Canadian Conservative Party passes bill to repeal law banning offensive speech
It’s the: end of the Canadian speech code, and their Human Rights Commissions (censorship panels) will be curtailed, too.
The federal Conservatives voted late Wednesday to repeal controversial sections of the Canadian Human Rights Act banning hate speech on the Internet, backing a bill they say promotes freedom of expression and would have the courts play a larger role in handling hate-crime cases.
In a free vote of 153 to 136, the Tory caucus supported a private member’s bill from Alberta Conservative MP Brian Storseth that would scrap Section 13 of the human rights code, which deals with complaints regarding “the communication of hate messages by telephone or on the Internet.”
Storseth argues the current human rights code fails to protect freedom of speech, which is guaranteed under the Charter of Rights and Freedoms, and believes Canadians are better off if the government repeals sections 13 and 54 – the latter section dealing with associated penalties.
“It’s a really important step for freedom of expression in our country,” Storseth said Thursday, the morning after the bill passed third and final reading in the House of Commons.
“There hasn’t been a tremendous pushback as you would have seen seven or eight years ago when this issue first really arose, and I think it’s because there has been a fruitful debate in our country.”
Senior cabinet ministers supported the bill and the results generated loud applause from Conservative MPs. Prime Minister Stephen Harper is overseas and wasn’t present for the vote. Most opposition politicians voted against the bill, although Newfoundland and Labrador Liberal MP Scott Simms supported it.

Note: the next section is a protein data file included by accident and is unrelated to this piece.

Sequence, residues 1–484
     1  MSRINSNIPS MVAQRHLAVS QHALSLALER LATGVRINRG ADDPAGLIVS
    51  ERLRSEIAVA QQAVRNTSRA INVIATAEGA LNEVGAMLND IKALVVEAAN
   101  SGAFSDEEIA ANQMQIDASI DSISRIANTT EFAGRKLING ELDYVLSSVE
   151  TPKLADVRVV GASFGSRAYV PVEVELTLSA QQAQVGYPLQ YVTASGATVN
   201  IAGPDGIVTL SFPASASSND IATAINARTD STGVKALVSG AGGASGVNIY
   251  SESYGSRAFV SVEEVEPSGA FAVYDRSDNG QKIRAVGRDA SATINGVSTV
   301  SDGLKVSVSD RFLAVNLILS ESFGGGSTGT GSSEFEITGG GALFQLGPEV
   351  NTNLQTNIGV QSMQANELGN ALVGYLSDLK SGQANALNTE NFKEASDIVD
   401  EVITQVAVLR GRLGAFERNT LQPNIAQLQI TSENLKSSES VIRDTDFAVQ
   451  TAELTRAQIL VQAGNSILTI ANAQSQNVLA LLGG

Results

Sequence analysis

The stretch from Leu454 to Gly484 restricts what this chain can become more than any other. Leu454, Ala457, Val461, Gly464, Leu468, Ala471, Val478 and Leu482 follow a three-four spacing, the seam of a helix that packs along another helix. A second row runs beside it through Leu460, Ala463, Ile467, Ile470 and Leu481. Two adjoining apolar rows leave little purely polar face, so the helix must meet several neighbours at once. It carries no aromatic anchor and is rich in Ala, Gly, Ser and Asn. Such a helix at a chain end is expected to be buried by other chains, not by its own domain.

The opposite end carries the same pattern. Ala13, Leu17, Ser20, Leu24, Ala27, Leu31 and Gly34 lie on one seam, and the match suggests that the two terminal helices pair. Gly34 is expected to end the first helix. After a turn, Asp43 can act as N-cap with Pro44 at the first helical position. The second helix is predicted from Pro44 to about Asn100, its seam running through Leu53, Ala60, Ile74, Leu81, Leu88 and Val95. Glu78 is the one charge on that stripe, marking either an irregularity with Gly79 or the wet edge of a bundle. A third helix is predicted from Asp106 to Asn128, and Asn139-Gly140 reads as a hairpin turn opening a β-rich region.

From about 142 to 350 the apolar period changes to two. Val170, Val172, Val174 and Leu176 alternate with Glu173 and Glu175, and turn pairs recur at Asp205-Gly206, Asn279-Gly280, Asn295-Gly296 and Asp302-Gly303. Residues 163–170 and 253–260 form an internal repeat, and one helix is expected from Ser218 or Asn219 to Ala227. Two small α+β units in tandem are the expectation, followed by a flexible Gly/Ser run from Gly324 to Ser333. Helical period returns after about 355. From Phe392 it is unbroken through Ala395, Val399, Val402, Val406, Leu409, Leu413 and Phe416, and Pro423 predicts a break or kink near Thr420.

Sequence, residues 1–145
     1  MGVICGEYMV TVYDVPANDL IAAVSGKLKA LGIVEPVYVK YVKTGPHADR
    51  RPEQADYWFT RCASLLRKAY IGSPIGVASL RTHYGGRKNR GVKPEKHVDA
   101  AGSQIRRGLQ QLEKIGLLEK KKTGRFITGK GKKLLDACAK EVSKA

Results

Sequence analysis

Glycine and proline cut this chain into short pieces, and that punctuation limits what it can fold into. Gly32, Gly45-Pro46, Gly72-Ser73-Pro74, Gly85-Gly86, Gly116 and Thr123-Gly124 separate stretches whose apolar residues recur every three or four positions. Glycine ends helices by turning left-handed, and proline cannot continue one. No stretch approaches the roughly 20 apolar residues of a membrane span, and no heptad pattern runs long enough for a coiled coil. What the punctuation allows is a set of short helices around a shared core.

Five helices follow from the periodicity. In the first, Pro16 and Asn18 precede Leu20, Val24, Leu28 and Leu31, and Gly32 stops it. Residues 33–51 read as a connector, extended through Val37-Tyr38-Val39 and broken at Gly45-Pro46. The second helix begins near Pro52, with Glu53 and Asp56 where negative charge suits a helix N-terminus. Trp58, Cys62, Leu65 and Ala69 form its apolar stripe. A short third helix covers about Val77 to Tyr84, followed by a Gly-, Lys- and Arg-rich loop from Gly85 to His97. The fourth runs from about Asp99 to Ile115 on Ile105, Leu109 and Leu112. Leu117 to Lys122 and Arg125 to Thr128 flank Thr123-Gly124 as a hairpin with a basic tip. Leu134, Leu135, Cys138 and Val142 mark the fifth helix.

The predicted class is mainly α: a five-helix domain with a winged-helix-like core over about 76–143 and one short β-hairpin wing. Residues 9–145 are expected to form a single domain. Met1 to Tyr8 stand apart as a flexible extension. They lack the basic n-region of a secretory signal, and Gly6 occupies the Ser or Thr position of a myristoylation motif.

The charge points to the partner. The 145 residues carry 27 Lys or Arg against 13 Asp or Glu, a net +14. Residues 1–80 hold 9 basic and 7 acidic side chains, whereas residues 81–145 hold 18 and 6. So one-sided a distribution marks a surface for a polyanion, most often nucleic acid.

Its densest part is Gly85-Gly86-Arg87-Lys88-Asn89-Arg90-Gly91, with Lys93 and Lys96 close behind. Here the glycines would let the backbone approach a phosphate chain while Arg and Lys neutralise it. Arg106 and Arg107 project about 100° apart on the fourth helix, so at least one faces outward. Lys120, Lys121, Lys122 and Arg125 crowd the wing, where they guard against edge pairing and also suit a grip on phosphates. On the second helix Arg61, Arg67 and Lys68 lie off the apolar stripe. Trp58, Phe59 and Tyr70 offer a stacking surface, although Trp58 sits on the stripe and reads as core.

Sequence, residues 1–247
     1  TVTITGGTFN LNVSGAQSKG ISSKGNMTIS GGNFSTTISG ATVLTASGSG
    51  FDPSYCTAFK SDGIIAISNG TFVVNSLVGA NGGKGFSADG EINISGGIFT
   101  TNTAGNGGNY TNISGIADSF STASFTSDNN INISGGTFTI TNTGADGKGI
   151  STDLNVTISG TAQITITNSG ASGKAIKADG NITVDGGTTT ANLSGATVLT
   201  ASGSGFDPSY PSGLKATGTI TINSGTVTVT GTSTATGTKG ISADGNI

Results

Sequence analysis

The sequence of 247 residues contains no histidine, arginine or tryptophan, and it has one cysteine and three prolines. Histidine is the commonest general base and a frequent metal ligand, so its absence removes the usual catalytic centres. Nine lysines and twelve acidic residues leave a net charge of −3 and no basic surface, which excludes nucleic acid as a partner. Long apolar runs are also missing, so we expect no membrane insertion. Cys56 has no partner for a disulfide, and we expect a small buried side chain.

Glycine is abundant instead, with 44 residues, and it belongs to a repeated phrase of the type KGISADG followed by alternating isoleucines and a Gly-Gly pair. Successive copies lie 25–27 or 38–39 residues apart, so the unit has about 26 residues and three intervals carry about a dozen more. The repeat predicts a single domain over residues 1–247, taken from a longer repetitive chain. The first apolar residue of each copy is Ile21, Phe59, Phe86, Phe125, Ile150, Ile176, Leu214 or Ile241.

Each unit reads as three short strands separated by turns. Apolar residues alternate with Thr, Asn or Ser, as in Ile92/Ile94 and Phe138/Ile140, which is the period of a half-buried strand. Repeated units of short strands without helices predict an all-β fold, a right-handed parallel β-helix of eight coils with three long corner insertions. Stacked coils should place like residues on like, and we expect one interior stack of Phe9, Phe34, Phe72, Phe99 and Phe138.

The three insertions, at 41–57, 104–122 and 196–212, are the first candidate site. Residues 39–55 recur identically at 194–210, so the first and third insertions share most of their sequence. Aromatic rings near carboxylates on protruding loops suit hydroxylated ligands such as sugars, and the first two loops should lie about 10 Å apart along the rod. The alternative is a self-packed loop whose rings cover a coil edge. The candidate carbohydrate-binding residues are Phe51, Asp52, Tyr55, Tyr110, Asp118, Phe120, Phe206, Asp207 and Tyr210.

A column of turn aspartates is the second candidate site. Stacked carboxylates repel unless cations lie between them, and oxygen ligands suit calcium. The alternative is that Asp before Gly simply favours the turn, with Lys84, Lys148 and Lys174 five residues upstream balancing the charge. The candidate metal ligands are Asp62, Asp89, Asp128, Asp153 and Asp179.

Storseth, a backbencher, said the current human rights code allows too many frivolous cases to proceed against citizens, when the Criminal Code already covers hate speech that could generate harm against an individual or group.
Acts of hate speech are serious crimes that should be investigated by police officers, not civil servants, he said, adding that the cases should be handled by “real judges and real lawyers,” instead of a quasi-judicial body such as the human rights commission.
The bill would effectively strip the human rights commission of its ability to rule on cases of hate speech over the phone and Internet, he said, and instead hand many of the powers to the courts.
Storseth said he has also been speaking with colleagues in the Conservative-dominated Senate in hopes the bill will pass through the upper chamber and receive royal assent by the end of the year. The bill contains a one-year implementation period.
For those who need a refresher course on how bad these secular leftist fascism panels really were, you can read: this article: about the punishment received by a Christian pastor who wrote an editorial critical of gay activism in the schools.